DevelopmentThe vehicle was developed by GM and the U.S. Army Tank Automative Research, Development and Engineering Center or TARDEC. TARDEC is the United State’s laboratory for advanced military automotive technology. It also serves as the Ground Systems Integrator for all Defense Department manned and unmanned ground vehicle systems. From contract to concept, the fuel cell vehicle took GM and TARDEC about a year to develop. It’s something many are proud of. “The speed with which innovative ideas can be demonstrated and assessed is why relationships with industry are so important to the Army,” said Paul Rogers, director of TARDEC. GM and TARDEC actually have fuel cell development laboratories located 20 miles apart in southeast Michigan. However, most of the vehicle was assembled in GM’s Advanced Vehicle Integration facility in Warren, Michigan. The vehicle actually began as an ordinary fair size truck but its undercarriage was stretched out over the course of development. The vehicle is more than seven feet wide and is nearly just as tall. It weighs three tons. It features impressive, 37-inch tires and has a specifically modified suspension. It’s all meant to help the vehicle climb over and descend all types of terrain.
TestingThe Army says it will begin testing the vehicle in early 2017 after calibration testing at GM’s Milford Proving Ground wraps up. The Army will spend a year pushing the Colorado ZH2 to the absolute limit. It will test the vehicle in extreme field conditions to determine the viability of hydrogen-powered vehicles like it on military missions. Here are the main things the Army will evaluate the ZH2 fuel cell for:
- Near-silent operation enabling silent watch capability
- Reduced acoustic and thermal signatures
- High wheel torque at all speeds via electric drive
- Low fuel consumption across operating range
- Water by-product for field uses
BenefitsArmy officials say when it comes to executing missions, being able to access locations undetected is key. The Army’s current fleet of armored vehicles is noisy and often tips off enemies. Officials say being able to travel under the radar would give troops a huge advantage. They’re incredibly interested in just how quiet the vehicle can be. Something Army officials are also incredibly interested in is the fuel cell vehicle’s Exportable Power Take-Off Unit. It’s located in the rear hatch of the Colorado ZH2 and can provide 25 to 50 kilowatts of electric power away from the vehicle. Officials say that could help power a camp. Because military members are often in locations where electric power is otherwise unavailable, this is seen as a huge benefit. Another great benefit to the concept vehicle is the water it produces. The Colorado ZH2 can produce about two gallons of water per hour as a byproduct. Officials say water is one of the Army’s biggest commodities. In fact, it’s second to fuel. Officials say it’s a crucial resource that is desperately needed on all missions. The fuel cell vehicle also features integrated tow hooks. The hooks can be used when aggressive pulling is needed. Something we can all see the military needing.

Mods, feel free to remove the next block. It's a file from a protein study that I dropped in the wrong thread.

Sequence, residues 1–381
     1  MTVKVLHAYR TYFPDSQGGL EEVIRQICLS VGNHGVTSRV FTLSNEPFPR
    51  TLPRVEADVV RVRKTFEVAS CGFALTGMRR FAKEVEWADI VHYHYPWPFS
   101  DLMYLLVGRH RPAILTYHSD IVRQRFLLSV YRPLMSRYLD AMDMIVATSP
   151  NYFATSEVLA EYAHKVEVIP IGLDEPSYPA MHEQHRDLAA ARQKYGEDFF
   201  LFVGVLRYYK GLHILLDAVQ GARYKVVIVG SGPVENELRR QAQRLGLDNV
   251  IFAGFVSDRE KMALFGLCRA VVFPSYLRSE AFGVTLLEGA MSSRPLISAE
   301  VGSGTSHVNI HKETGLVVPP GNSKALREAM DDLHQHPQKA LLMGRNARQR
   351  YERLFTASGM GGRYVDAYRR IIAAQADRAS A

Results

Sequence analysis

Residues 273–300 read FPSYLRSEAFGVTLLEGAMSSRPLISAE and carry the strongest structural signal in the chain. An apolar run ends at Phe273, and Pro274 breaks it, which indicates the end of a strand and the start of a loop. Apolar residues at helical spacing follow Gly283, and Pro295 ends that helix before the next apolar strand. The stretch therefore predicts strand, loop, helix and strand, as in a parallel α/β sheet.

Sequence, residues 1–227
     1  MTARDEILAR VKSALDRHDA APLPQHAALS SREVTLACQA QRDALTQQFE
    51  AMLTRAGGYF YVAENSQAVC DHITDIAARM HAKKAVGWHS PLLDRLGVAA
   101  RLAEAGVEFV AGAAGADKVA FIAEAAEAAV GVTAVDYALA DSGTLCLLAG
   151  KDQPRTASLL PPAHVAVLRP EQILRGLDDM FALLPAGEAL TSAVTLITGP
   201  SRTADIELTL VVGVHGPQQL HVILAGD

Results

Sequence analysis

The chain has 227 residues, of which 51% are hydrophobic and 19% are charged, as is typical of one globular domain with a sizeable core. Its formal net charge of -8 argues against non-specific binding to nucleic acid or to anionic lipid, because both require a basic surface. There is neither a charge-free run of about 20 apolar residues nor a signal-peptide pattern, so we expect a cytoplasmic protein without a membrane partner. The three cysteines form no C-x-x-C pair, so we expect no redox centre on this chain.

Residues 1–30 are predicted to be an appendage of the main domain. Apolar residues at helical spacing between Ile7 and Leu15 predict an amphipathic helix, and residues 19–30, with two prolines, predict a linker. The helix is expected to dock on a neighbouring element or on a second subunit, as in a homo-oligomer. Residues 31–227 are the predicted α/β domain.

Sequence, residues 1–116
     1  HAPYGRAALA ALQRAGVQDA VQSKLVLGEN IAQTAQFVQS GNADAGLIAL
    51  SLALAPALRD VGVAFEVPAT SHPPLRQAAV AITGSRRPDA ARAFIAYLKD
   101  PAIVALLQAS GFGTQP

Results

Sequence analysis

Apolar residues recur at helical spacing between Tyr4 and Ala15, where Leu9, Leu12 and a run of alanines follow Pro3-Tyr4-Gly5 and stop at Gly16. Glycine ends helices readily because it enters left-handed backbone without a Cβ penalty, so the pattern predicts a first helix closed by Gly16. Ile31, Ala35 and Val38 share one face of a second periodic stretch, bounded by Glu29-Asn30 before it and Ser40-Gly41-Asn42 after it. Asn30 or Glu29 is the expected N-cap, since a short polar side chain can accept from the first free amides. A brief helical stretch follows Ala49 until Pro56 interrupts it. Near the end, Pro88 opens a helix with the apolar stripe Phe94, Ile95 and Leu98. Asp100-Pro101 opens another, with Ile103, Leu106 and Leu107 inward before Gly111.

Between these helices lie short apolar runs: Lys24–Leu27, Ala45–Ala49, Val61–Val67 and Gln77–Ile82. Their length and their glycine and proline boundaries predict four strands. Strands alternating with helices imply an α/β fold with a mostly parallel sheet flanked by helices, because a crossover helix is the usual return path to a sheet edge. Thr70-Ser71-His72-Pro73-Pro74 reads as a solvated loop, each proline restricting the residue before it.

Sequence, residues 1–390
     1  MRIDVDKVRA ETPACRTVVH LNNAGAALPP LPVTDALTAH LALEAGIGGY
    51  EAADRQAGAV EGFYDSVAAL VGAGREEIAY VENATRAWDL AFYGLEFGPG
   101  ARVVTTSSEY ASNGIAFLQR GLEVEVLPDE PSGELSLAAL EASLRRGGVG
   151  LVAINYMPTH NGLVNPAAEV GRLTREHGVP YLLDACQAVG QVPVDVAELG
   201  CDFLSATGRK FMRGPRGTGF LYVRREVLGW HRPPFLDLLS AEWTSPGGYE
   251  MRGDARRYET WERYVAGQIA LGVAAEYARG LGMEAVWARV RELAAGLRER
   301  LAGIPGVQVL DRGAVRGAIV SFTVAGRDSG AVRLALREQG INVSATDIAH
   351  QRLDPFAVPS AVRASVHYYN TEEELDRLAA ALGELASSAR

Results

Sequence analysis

GM’s Other Military WorkThe Colorado ZH2 isn’t the only vehicle GM has developed with a U.S. military branch. Back in June, the U.S. Navy unveiled it’s testing a GM fuel cell-powered underwater drone. The Unmanned Undersea Vehicle leverages the fuel cell technology common with the Colorado ZH2.
Our TakeWhile it’d be pretty awesome to have a Colorado ZH2 parked in your driveway, it’s pretty obvious you won’t be able to get your hands on the fuel cell vehicle anytime soon. That doesn’t necessarily mean, however, that vehicles like it won’t eventually hit the market. The executive director of GM Global Fuel Cell Activities says the Colorado ZH2 is an example of what the company can do to create off-road vehicles relevant to a range of potential users. Executives say despite its military look, including the camouflage color and lights, the vehicle was actually developed with the off-road market, not specifically the military, in mind. GM also points to its Project Driveway program as proof of its dedication to fuel cell car development. The program was launched in 2007. Since then, it has accumulated 3.1 million miles of hydrogen fuel cell testing. Those miles were driven by more than 5,000 people. Drivers were mostly located in California, where there are a number of hydrogen fueling stations.
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